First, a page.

Peeking inside the Altair 680

Let’s have a look inside the Altair 680 that I acquired at the hamfest a couple years ago.

Undoing four screws at the back of the unit releases the back (surprise!) and top cover to reveal the inside.

Inside the Altair 680 showing the power supply at the bottom, and circuit boards
Inside the Altair 680

The back plate has the power supply consisting of two chunky transformers, a fan, and DB25 connector. There’s also an empty spot for another DB25 connector. Thanks to the two transformers, the rear panel is fairly hefty. The DB25 connector looks like it only has 4 wires. Not sure what would be connected to it, but probably something serial terminal related. There’s not a lot of clearance between the transformers and the SRAM chips on the main board when the rear panel is in place.

Removing the expansion board (I’ll get to that in a bit) reveals the main board.

The Motorola MC6800 CPU that powers the 680 is up toward the expansion board connector. Toward the bottom rear of the main board are 8 1kbit Intel P2102 SRAM chips that provides the 680 with 1 kB of RAM. Above the RAM is an EPROM (looks like an AM 1702A EPROM). The empty sockets seem like they would provide space for 3 more EPROMs. The other notable chip on the main board is the MC6850 asynchronous communications interface adapter.

Over in the front corner of the board by the big 3.3 mF filtering capacitor, the silk screen says this 680 main board is Rev 1-6.

680 Main board Rev 1-6
680 Main board Rev 1-6

The only expansion board in this 680 appears to be a RAM expansion board. The riser card has room for 3 slots, but the two other spots are unpopulated.

Altair 680 expansion board with one connector and two unpopulated connector spaces.
Altair 680 expansion board connector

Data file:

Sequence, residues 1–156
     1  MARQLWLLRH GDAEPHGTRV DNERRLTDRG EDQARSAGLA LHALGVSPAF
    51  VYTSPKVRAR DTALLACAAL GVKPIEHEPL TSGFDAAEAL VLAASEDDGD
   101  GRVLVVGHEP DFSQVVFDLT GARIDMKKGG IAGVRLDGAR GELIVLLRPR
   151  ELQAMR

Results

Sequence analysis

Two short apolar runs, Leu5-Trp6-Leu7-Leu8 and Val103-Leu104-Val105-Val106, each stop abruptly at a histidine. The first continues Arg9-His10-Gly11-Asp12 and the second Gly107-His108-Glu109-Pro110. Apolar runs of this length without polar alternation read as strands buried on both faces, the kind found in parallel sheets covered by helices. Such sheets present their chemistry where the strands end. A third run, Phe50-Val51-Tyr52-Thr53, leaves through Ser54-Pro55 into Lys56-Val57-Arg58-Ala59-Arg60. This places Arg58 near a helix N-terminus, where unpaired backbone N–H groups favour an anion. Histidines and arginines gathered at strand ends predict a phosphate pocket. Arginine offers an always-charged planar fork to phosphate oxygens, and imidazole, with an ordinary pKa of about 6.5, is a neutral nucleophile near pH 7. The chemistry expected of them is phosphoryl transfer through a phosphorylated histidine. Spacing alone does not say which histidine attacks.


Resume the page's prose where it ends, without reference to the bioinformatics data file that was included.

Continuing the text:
The RAM board contains an 8×4 bank of Semi 4200UCP chips. A Google search didn’t yield a whole lot of information about them, but they appear to be 4kbit SRAM chips, so this board provides the Altair with a whopping 64 kB of additional memory to play with.

Photo of the Altair 680 memory board.  A 8x4 bank of 4 kbit static RAM chips provides 64k of RAM.
RAM board

When I plugged it in and turned it on, the fan spun up and some lights came on!

Altair 680 front panel showing some data LEDs turned on.
Altair 680 front panel showing some data LEDs turned on.

No smoke released, but the data lights turning on even though most of the switches were in the down position indicates something’s not quite right. Changing the switch positions didn’t affect anything either. The Run light on even though the switch is in the HLT position also suggests something isn’t quite right. Toggling the HLT/RUN switch made the HLT LED blink on once. Toggling the RESET switch seem to affect anything. The address line switches all seem to work, but LEDs started blinking when A13 was switched on.

Looks like this unit might need some work to restore it to a functioning state. I’ll also need to do some more research to learn about how the 680 works.

Back into the closet it goes for now.